Those who’ve followed the goings-on of the Archdiocese of Cincinnati for the past few decades surely recall the name “Brennan Hill,” a (former?) theology professor at Xavier University rightly notorious for his open dissent from Magisterial teaching and, more specifically, his co-authorship in the early-90s of the “Hill & Madges” video series (and accompanying book) on the then-new universal Cathechism, a fortunately ill-fated attempt to spin its content for his panic-stricken fellow travelers among the mostly local catechetical elite. He’s weighed-in on the new archdiocesan teachers contract in the LTE section of the Cincinnati Enquirer, and his assessment comes as no surprise:

The famous inventor, Samuel F.B Morse captured the anti-Catholicism of 19th century America when he said that Catholicism is opposed in its very nature to Democratic Republicanism; as it is, therefore as a political system, as well as religious, opposed to civil and religious liberty, and consequently to our form of government. Catholics in the 19th century were perceived as a closed perfect society, wherein their thinking and actions were dictated by the hierarchy and the Vatican.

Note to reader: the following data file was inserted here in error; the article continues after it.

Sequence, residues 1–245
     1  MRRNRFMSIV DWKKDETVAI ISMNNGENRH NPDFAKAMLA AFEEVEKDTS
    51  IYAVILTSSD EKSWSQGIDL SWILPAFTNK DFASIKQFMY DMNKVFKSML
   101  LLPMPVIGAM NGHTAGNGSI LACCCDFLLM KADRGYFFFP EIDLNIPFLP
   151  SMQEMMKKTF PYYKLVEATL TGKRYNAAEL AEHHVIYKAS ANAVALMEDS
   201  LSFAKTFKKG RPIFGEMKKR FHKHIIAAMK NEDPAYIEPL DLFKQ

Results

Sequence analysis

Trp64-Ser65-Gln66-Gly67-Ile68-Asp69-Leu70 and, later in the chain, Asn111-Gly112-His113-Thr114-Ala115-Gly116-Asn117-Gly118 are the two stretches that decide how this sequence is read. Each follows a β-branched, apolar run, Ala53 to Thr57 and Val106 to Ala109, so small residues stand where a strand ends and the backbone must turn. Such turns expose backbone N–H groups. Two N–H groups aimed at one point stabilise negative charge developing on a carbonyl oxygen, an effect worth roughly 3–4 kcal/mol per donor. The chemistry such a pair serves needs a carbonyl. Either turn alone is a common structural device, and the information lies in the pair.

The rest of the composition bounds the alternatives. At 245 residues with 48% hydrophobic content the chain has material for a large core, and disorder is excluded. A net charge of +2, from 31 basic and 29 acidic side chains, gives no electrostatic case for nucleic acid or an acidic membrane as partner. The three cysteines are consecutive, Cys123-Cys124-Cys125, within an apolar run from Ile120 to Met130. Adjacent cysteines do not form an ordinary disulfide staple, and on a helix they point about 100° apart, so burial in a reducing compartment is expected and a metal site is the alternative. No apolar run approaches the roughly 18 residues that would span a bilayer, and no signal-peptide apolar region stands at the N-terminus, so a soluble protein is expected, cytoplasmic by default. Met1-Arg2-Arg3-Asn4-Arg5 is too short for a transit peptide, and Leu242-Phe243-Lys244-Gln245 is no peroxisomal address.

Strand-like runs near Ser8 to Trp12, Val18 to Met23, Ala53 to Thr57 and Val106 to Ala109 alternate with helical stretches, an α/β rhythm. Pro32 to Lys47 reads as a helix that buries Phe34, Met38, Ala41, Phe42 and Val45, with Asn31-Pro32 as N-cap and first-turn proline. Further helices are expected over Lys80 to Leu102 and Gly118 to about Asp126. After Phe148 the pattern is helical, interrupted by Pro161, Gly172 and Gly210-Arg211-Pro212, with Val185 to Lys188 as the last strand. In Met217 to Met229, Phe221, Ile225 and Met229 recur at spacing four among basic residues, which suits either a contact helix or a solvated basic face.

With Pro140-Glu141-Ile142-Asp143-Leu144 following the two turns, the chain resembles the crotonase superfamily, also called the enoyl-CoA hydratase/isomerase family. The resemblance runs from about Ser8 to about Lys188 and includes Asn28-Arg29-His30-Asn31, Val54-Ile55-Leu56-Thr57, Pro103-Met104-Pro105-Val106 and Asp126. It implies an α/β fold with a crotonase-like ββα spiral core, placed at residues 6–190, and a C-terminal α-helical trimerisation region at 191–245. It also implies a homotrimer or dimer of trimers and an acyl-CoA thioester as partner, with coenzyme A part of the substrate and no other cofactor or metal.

Enter the new contract for teachers in the Catholic schools in the Cincinnati. The contract seems to a throwback to a Catholicism of former times. It appears to be devised to prevent teachers from using the American court system when unjustly terminated, deprive them of their freedom of speech, their religious freedom and ignore the primacy of their consciences.

Didn’t Vatican II teach that Catholics as well as all people have the civil right of freedom from interference in their lives according to their conscience? (Vatican II, On human dignity, parag 13.)

Brennan Hill, Anderson Township

It’s rather curious that a man whose theology and eccelesiology have a sell-by date of 16 October 1978 uses the derisive term “throwback” without a hint of irony.

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